However, with younger children a long-established developmental tradition did increase its influence on practice after the Second World War. In many, though not all infant schools, the rigidities of the timetable were dispensed with; work related to centres of interest or topics was introduced; children were given more choice of activity and encouraged to take a measure of responsibility for their own learning; classrooms were reorganised along "informal" lines; more individual and small-group teaching took place; and there was an increasing emphasis on methods involving discovery, creativity and first-hand experience. Such approaches also began to affect junior-aged pupils in schools in a number of local education authorities such as Oxfordshire, the West Riding and Leicestershire. It was developments such as these that Plowden sought to publicise, celebrate and disseminate for the benefit of all pupils up to the age of 12 (its recommended age of transfer).
There are a number of important points to be made about the report. First and foremost it was a serious attempt "to consider primary education in all its aspects". It took more than three years to complete; it involved commissioning a great deal of research; it drew on a survey by HMI of all English primary schools; it called on oral or written evidence from a very wide range of interested parties; it also involved a small element of comparison with primary education overseas.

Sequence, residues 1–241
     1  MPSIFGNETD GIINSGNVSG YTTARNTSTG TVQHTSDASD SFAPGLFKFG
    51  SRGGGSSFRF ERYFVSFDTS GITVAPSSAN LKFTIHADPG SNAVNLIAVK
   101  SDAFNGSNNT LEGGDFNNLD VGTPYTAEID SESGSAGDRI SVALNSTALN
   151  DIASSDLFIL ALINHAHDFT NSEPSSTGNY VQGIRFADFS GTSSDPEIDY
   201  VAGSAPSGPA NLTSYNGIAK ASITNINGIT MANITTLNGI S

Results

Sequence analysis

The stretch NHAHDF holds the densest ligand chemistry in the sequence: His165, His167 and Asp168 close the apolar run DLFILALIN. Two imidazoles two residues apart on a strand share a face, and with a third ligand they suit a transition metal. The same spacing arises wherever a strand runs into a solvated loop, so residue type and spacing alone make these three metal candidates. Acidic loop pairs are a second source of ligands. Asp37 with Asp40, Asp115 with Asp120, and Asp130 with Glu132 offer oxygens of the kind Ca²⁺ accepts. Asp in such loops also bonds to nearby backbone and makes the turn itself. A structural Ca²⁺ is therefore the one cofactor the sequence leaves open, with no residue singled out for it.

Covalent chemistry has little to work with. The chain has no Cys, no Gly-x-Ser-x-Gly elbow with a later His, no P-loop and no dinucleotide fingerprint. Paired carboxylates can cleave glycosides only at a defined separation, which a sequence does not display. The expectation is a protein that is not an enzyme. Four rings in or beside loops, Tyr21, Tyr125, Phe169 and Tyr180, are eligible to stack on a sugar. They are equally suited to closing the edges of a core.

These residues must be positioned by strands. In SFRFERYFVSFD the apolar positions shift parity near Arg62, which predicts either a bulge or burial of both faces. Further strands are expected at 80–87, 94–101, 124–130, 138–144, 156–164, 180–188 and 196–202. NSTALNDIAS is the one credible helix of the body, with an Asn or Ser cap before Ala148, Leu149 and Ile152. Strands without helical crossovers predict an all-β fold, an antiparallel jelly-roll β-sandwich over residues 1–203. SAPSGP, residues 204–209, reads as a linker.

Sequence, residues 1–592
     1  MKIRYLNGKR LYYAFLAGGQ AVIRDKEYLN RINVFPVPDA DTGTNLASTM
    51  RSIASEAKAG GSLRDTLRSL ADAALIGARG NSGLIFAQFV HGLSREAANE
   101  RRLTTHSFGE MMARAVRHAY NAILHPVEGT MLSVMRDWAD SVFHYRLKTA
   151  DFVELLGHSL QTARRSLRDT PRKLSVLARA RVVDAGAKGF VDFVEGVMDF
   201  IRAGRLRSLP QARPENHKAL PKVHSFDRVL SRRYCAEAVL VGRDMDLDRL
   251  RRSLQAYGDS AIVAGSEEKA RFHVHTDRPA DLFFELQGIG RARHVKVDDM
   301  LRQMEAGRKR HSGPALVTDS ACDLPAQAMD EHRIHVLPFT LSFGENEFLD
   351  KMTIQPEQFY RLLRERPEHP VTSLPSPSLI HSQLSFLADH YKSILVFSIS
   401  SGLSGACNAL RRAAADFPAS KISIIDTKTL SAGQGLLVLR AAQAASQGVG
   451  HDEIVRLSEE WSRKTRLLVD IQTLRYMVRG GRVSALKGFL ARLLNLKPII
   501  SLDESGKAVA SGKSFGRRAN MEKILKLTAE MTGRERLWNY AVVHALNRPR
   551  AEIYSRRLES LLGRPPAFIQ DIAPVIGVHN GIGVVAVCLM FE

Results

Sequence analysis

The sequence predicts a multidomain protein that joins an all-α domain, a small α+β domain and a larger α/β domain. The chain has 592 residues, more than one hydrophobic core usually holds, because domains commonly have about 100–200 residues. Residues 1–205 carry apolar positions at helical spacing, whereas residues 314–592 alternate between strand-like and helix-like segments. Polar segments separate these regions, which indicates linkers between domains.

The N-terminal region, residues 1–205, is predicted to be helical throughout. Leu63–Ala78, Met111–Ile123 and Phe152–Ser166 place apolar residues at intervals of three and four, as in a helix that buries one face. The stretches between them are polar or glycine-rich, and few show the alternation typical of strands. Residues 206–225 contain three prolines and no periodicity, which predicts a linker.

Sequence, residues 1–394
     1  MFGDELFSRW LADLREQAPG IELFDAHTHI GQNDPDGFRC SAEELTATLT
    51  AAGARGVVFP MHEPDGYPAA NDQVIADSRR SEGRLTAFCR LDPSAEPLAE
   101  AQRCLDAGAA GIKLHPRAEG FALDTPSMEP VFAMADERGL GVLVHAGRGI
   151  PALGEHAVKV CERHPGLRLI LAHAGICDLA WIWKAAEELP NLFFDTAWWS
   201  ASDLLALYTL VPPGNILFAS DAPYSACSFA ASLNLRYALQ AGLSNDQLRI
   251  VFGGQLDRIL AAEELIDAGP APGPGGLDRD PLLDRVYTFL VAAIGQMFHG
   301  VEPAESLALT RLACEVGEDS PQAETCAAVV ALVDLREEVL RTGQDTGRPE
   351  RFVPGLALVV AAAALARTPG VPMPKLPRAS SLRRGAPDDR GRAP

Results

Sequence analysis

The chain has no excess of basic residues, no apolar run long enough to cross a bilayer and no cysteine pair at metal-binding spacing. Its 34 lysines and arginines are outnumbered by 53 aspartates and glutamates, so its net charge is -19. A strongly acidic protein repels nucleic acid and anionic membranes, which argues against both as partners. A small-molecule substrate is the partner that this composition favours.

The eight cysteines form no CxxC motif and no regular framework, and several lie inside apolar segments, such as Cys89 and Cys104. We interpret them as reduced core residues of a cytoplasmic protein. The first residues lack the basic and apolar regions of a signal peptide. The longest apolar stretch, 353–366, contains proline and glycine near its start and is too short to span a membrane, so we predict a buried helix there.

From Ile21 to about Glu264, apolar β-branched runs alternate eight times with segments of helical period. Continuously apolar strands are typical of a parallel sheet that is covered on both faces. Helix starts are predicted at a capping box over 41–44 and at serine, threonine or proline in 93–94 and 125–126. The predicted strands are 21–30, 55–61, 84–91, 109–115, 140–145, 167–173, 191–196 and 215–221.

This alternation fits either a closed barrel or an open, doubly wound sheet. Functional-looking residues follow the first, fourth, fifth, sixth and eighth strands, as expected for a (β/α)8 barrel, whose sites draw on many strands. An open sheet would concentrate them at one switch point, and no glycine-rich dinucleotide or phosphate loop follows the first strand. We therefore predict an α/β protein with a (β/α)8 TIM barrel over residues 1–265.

The Plowden committee amassed facts, canvassed opinions but was not afraid to make generalisations, judgments and recommendations on the basis of the evidence it had collected. The report provided a rich, detailed, comprehensive appreciation of a developing sector.
Allied to this was the principled approach adopted in the report. It made its underlying values very explicit: equality of opportunity, compensation for handicaps, respect for individuality and a commitment to the highest education standards" involving "special stress on individual discovery, on first-hand experience and on opportunities for creative work". It treated research findings with caution; it revealed the wide spectrum of opinion it solicited but was not frightened to make its stand in favour of the "developmental tradition". It asserted, rather too confidently as it turned out, that "the gloomy forebodings of the decline of knowledge which would follow progressive methods have been discredited".
But most amazing of all to the reader who revisits the report after 30 years was its positive, affirmative tone. Not only was the future of English society viewed optimistically, but teachers, schools and, above all, children were valued both for what they had achieved and what they could achieve in the future. The report praised rather than castigated, celebrated rather than derided, encouraged rather than carped. In a number of places its plaudits verged on the hyperbolical and made many readers sceptical of the judgments of the committee and of the representativeness of the practice it characterised - "English primary education at its best . . . is very good indeed. Only rarely is it very bad. The average is good" (my italics).